Green Cross denounces Syrian threat to use chemical weapons, calls for global abolition of such arms

Geneva: Syria’s acknowledgment that it would be prepared to use chemical weapons must be denounced by all parties and, instead, there must be a reinvigorated international drive to rid the world of these weapons of mass destruction, according to Green Cross International.

“Chemical weapons must be abolished as called for by the 1993 Chemical Weapons Convention (CWC),” says Dr. Paul Walker, Director of Green Cross International’s programme on Environmental Security and Sustainability. “Only with true universality of this historic treaty regime will we all be able to celebrate a world free of chemical weapons.”

“Syria’s recent comments on its willingness to use chemical weapons under certain circumstances have only served to increase tensions to a new level in the Middle East,” says Dr. Walker. “The fear that such weapons could be used will only lead some parties to consider alternative means to respond to the on-going crisis in the country, which could lead to a further deterioration in peace and security for thousands, if not millions, of Syrians and people living in neighbouring countries.”

The 188 States Parties to the Chemical Weapons Convention have agreed to declare and destroy any stockpiles of chemical weapons they may hold and any facilities that produced them, as well as any chemical weapons they abandoned on the territory of other States Parties in the past. States Parties have also agreed not to develop, produce, or transfer chemical agents; to participate in regular, on-site inspections of chemical industry; and to report annually to the Organization for the Prohibition of Chemical Weapons (OPCW) in The Hague on dual-use chemicals and national implementation.

In 1968 Syria acceded to the 1925 Geneva Protocol which prohibits use of chemical agents in warfare.  However, Syria is among six States that have not signed nor acceded to the CWC. The others are Angola, Egypt, North Korea, Somalia and South Sudan. Israel and Myanmar have signed the Convention, but have not yet ratified it.  Dr. Walker emphasized that “the accession of Syria to the CWC would be a major step forward in encouraging both Egypt and Israel to join the abolition regime, and in making progress towards the United Nation’s proposed weapons-of-mass-destruction-free-zone in the Middle East.”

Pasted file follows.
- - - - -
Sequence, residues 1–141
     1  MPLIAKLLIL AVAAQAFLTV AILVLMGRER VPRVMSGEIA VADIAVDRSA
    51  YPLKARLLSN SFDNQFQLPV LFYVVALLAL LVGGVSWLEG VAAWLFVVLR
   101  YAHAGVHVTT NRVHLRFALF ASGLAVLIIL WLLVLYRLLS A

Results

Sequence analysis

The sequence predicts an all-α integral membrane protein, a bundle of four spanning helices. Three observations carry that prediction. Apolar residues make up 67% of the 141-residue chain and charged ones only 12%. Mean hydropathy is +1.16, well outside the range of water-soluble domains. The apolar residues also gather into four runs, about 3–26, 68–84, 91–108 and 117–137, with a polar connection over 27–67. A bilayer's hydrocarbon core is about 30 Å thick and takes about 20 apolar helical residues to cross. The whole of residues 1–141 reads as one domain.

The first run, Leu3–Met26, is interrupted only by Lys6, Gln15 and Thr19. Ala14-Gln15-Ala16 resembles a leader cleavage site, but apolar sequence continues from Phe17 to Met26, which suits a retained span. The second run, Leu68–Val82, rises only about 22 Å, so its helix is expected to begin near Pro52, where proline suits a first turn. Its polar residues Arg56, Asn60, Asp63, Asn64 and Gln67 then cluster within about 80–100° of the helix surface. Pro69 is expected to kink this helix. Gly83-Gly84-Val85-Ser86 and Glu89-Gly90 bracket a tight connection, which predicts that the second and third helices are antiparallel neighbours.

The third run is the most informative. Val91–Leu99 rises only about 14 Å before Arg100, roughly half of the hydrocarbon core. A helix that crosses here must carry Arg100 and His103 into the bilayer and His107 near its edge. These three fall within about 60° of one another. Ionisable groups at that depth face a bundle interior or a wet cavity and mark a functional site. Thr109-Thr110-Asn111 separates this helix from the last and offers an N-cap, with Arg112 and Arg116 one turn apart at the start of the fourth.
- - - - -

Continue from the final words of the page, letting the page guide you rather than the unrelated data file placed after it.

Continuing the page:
Before Syria’s recent comments on chemical weapons, seven countries had declared chemical weapons stockpiles to the OPCW.  Three of them – Albania, India and South Korea – have completed their stockpile destruction, and three more – Libya, Russia, and the United States – continue to work on destruction.  Iraq has yet to begin its destruction programme of war remnants left by United Nations inspectors after the 1991 Gulf War.  More than 18,000 metric tons of declared chemical weapons are currently stockpiled in these four countries, down from the more than 72,000 tons recorded in 1986.

Green Cross International (GCI), founded by former Soviet Union President and Nobel Peace Prize laureate Mikhail Gorbachev in 1993, is an independent non-profit and nongovernmental organization working to address the inter-connected global challenges of security, poverty eradication and environmental degradation through a combination of advocacy and local projects. GCI is headquartered in Geneva and has a growing network of national organizations in over 30 countries.

The Green Cross Environmental Security and Sustainability Programme has played a leading role globally in the safe and verified elimination of weapons of mass destruction, including chemical weapons, in the United States, Russia, and elsewhere.  It has also established the international Chemical Weapons Convention Coalition at the Organization for the Prohibition of Chemical Weapons to promote full implementation of the treaty regime.

Paul Garwood
Director of communications
Swiss mobile: +41797760454
Skype: paul.garwood

Paul Walker
Environmental Security and Sustainability

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